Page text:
Before my daughter learned how to walk, I would always put her in a baby walker.
She loved rolling around with her food and toys, and acting like the adults around her.
Fortunately she liked it because it was nearly impossible to keep an eye on or carry her every second.
Having said that, my heart skipped a beat the one time she got close to the basement staircase.
As a parent, I don't see them as unsafe, but I know the potential risks involved with leaving a baby in them.
But according to doctors, baby walkers are even more worrisome than most people think...
In the past few decades, baby walker injuries have dropped significantly, but it's still happening at an alarming rate in the U.S.
According to research from the National Electronic Injury Surveillance System, between 1990 and 2014, there were 230,676 infant-walker related injuries in children younger than 15 months.
In 2014 alone, 2,000 children were injured.
And that's only infants who were admitted to the hospital for baby walker injuries.
The study, which was published in Pediatrics, found that a majority of these injuries happened when a child fell down the stairs while in the walker.
"Baby walkers remain a serious and preventable source of injury to young children and should not be used," co-author of the study Dr. Gary Smith, director of the Center for Injury Research and Policy at Nationwide Children's Hospital in Columbus, Ohio, said.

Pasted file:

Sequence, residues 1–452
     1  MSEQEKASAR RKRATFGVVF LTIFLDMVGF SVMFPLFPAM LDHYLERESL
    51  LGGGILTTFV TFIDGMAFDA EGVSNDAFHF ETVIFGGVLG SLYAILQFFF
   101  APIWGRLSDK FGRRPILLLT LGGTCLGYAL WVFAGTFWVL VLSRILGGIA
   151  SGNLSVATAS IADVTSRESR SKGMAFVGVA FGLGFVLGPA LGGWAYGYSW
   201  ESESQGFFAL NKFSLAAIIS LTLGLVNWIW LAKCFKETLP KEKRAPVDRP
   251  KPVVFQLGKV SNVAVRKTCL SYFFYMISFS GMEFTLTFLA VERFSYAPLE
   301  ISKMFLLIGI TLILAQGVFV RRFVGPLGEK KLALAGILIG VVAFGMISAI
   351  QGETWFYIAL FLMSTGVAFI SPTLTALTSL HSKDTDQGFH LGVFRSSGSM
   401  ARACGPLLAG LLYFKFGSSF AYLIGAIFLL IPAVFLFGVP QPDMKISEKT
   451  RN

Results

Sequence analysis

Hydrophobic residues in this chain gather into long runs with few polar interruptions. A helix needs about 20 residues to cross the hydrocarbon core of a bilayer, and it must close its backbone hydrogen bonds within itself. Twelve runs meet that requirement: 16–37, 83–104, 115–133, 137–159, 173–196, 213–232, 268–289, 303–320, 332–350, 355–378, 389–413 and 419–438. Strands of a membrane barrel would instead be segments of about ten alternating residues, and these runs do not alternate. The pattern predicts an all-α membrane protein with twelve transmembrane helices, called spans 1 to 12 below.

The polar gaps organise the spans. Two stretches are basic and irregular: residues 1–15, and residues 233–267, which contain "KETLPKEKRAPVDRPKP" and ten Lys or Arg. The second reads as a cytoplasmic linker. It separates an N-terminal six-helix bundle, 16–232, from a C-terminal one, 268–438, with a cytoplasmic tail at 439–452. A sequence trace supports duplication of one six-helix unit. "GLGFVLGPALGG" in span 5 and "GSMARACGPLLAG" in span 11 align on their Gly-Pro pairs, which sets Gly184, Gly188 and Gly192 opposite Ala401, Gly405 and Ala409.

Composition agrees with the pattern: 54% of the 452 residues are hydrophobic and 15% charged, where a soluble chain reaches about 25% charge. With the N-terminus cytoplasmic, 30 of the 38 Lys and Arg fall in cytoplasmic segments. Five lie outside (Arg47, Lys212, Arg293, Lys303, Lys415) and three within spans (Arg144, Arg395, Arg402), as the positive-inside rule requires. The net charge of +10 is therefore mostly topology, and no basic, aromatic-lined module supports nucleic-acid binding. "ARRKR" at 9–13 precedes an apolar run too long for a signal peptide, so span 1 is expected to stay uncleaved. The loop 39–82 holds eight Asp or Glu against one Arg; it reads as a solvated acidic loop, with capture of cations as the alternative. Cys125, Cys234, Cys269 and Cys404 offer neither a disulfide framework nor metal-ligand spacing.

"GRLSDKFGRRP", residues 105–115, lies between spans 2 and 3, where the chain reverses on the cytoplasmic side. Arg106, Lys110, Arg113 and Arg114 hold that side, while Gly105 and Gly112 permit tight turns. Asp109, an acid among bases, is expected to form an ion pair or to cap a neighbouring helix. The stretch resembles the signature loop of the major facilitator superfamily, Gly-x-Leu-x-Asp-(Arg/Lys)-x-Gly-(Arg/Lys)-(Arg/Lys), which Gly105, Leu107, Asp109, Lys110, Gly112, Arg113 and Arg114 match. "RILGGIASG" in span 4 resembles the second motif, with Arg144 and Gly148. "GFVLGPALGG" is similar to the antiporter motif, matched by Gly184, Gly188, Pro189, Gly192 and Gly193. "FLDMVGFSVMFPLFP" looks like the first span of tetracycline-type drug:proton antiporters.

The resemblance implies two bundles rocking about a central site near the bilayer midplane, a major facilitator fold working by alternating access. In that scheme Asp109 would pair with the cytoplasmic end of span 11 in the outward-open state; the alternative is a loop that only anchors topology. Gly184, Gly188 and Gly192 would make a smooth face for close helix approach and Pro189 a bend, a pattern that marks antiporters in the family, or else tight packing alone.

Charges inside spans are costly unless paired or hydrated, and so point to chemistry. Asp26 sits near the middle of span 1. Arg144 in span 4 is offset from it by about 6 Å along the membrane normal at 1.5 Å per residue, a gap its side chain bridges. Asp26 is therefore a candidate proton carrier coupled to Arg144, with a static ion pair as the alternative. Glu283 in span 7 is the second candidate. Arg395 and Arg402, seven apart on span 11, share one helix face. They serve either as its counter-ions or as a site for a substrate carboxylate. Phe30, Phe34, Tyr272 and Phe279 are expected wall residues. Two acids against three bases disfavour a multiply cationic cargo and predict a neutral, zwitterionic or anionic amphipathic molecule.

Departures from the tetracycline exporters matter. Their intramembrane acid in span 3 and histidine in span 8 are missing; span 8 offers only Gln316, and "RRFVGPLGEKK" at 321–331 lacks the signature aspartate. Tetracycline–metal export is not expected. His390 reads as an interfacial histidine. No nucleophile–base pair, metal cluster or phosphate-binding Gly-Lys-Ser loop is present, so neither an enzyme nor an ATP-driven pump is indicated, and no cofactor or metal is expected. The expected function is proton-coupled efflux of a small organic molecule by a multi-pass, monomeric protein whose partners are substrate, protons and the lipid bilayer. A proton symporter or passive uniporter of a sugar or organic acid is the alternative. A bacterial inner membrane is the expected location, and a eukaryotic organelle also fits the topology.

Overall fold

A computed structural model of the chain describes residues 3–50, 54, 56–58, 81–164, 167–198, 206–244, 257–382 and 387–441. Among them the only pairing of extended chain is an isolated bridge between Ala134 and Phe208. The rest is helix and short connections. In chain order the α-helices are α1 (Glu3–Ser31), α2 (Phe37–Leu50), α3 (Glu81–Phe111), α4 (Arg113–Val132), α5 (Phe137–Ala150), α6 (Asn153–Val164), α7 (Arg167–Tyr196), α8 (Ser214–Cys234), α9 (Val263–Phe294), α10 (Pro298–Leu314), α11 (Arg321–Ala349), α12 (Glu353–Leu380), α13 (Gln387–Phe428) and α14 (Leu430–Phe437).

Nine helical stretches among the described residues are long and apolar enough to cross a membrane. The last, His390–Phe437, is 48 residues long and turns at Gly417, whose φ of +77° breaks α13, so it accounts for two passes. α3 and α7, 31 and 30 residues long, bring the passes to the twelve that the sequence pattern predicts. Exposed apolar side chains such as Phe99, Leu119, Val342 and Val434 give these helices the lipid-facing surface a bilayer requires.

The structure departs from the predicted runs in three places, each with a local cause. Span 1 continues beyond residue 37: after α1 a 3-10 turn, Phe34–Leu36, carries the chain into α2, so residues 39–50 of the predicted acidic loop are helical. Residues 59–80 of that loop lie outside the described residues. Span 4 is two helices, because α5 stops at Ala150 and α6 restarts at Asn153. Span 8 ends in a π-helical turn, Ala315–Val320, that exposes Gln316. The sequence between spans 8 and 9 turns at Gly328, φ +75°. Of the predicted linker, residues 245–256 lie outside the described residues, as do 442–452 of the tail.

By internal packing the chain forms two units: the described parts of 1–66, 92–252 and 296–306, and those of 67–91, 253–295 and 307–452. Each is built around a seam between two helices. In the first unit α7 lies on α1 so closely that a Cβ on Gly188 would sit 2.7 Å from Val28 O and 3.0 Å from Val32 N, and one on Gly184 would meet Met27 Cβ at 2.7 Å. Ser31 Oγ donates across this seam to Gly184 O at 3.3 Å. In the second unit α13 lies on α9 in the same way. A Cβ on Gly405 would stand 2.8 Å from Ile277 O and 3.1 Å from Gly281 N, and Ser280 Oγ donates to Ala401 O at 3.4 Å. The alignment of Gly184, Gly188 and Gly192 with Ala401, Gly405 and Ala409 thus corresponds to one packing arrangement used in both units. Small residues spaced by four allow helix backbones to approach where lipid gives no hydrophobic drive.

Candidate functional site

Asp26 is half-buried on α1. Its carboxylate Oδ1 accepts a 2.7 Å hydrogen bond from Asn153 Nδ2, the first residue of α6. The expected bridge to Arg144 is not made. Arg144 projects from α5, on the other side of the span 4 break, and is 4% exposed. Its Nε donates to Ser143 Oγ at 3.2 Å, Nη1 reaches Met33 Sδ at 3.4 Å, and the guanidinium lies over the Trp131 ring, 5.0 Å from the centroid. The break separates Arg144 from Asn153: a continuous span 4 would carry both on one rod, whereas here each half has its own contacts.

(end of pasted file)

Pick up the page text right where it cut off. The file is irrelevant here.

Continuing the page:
For these reasons, Canada banned the sale of baby walkers in 2004.
But here's where things get even more nerve-wracking...
Baby walkers may be impeding the development of children, Smith argues.
Contrary to popular opinion, "baby walkers do not promote walking skills. In fact, other studies have demonstrated that baby walkers can transiently delay mental and motor development."�
In 2010, Pediatrician Dr. Alan Greene also wrote about the dangers of baby walkers for the New York Times:
"Parents should know that walker use typically delays motor development "� and that it delays mental development even more."
In light of this, Smith said he supports the American Academy of Pediatrics' call for a ban on the "manufacture, sale, and importation of baby walkers."�
Alternatives to using a baby walker:
According to Smith, there are safer alternatives that parents should look into:
"Stationary activity centers that spin, rock and bounce, but do not have wheels, and good old-fashioned belly time, where a child is placed on their belly on the floor and allowed to learn to gradually push themselves up, then crawl and eventually walk."
[H/T: Fox News / Vox]